5 Reasons Why Mayans M.C.’s First Season Is Better Than SOA’s First

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Here are some instances where Mayans M.C. excelled over SOA (and instances where it didn’t), ranging from the action scenes to the lack of character development.

The groundbreaking Sons of Anarchy developed a devoted following for Jax Teller and his lawless motorcycle gang during its seven-season run. This series was so captivating that a spin-off, Mayans M.C., was made to continue satisfying the appetites of SOA fans for more intense action.

The first season of this show, which takes place in the same make-believe world as the men from SAMCRO, completely blew viewers away, despite the fact that many were skeptical that it would live up to the hype of its predecessor. Let’s examine some of the ways that Mayans surpassed all expectations, even in comparison to SOA, as well as the features of the original program that its spin-off was unable to quite match in its first season.


In one of the opening sequences of the pilot, EZ rode his helicopter down a lengthy stretch of highway before arriving in front of his former high school. It was the first of several flashback scenes that were used during the first season of the program when the picture of the school brought back memories from years past.

Such scenes whetted audience members’ interest by giving them a glimpse into the history of EZ’s character. This made viewers curious to find out more about the major characters in this program and to understand the importance of the scenes’ focal points.

Action Sequences

While SAMCRO engaged in some intensely violent encounters, such as shaving Kyle Hobart’s tattoo from his back, this spin-off program featured fights that were bigger and had a much wider range of participants. After their package was hijacked, the whole Mayans crew was immediately thrust into a fierce conflict with the Samoan gang.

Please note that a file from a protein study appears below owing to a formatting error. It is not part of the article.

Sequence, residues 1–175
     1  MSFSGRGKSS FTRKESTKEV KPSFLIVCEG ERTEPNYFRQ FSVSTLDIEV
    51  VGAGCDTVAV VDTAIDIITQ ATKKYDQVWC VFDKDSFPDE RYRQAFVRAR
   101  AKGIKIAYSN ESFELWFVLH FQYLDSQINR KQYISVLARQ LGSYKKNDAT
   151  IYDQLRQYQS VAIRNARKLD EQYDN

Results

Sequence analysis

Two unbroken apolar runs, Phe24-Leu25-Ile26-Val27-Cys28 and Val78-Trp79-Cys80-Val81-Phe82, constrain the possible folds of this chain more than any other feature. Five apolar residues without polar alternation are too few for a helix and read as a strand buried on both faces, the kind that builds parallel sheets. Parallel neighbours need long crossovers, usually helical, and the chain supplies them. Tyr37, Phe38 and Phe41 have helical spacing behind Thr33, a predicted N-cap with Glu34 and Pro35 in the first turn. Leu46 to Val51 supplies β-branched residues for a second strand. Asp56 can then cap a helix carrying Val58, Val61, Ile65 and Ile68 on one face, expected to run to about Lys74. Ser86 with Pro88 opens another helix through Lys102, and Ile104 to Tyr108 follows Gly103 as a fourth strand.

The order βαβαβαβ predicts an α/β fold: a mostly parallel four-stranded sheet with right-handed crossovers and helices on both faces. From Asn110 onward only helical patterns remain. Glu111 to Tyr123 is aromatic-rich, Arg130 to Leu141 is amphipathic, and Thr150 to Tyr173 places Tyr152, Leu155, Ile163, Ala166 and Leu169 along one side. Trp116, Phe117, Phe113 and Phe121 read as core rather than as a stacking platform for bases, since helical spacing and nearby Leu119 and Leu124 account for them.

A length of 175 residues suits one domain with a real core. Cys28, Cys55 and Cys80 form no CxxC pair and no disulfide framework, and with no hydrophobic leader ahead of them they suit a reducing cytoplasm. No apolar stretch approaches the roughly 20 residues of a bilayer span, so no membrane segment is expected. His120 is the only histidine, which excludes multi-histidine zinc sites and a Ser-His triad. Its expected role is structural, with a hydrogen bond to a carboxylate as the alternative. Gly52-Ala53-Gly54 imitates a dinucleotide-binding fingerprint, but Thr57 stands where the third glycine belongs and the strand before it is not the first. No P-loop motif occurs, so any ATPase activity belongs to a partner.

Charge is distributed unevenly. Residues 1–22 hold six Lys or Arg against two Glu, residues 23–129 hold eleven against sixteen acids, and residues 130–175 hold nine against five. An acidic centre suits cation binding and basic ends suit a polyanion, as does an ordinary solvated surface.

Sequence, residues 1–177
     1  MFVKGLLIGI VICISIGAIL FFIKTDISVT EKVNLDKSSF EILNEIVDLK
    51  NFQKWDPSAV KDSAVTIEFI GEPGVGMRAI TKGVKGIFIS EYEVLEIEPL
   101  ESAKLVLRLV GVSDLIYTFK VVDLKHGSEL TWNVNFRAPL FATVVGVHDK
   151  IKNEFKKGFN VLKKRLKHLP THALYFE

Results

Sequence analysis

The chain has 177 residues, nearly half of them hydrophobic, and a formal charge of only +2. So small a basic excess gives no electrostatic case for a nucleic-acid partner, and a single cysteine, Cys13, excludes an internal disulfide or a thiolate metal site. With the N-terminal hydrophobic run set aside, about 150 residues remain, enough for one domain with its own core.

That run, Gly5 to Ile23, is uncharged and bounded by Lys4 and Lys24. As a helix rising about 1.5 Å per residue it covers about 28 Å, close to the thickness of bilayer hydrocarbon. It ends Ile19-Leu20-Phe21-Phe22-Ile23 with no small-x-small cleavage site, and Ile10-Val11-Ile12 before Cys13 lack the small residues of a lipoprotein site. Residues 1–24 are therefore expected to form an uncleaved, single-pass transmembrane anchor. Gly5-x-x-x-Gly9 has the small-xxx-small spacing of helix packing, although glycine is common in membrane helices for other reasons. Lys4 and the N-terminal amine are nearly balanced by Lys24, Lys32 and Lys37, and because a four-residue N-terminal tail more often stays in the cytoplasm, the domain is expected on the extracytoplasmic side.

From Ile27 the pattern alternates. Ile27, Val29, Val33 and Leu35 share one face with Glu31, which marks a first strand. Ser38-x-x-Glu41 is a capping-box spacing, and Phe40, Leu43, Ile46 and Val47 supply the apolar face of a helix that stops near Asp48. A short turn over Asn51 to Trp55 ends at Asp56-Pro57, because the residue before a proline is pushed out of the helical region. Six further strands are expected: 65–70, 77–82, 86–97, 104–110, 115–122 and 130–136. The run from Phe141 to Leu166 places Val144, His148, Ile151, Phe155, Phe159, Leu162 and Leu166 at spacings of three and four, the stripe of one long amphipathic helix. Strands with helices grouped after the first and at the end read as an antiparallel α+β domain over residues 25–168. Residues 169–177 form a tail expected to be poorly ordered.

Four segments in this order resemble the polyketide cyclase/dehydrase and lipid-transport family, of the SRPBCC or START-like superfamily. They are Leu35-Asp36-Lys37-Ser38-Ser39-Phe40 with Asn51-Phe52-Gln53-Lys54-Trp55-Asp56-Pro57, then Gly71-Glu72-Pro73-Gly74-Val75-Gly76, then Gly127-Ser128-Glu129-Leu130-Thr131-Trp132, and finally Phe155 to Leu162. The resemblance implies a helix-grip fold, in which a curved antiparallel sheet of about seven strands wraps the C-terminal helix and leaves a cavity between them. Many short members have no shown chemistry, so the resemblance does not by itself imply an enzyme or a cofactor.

While the majority of fight scenes in SOA served as serious plot points, Mayans M.C. was able to use some of them for comedic effect, as in the dog shelter brawl between the Mayans and Galindo’s men.

More Focus On Supporting Characters

While SOA did a good job of developing Jax and his clan’s plot and evoking viewers’ emotions in the process, it did a poor job of giving viewers any real insight into the lives of supporting characters or the SAMCRO community as a whole. Characters like “Juice” Ortiz were only allowed to provide comedic relief for a few seconds at a time, whereas prospect “Halfsack” was given a few seconds of glory when he represented SAMCRO in the bareknuckle boxing competition.

On the other hand, Mayans M.C. gave supporting characters the attention they deserved in order to make the world as a whole seem more realistic. Authenticity was conveyed to viewers in a variety of ways, not just through the actions of the main protagonist EZ, from the conflict between Johnny Cruz and his mother and daughter to Felipe Reyes’ interactions with law enforcement officials in an effort to protect his son.


Focus on a particular culture, which is continually alluded to by the inclusion of minute elements that emphasize the civilization’s beauty, is what Mayans have that SOA eventually lack. Each episode’s title, which consists of two names—the first in Spanish and the second referencing the Haab and Tzol’kin calendars—includes such references.

Additionally, the title of each episode makes reference to the symbolic animal that appears at the start of each episode, which in turn denotes the main subject of that particular episode. For instance, the title of the pilot episode, “Perro/Oc,” refers to the canine that appears in it. This dog represents faithfulness and fresh starts, which EZ brings to the table in his new position as a Mayan prophet. Such symbolism gives each episode additional depth and suggests how important it is to the

More Fast-Paced Story

It took a few episodes for viewers to fully understand the underlying plot, as the earlier episodes of the first season seemed to be mostly made up of stand-alone stories, even though SOA did a good job of fleshing out the backstories of the main characters and the organizational procedures of the motorcycle club.

The Mayans, on the other hand, did well to start out with a challenging narrative. The collaboration between the Mayans and Gallardo, the danger posed by Los Olvidados, and EZ’s dealings with the Feds were all introduced to viewers in the pilot episode, making Mayans a show that was simpler for viewers to get invested in right away.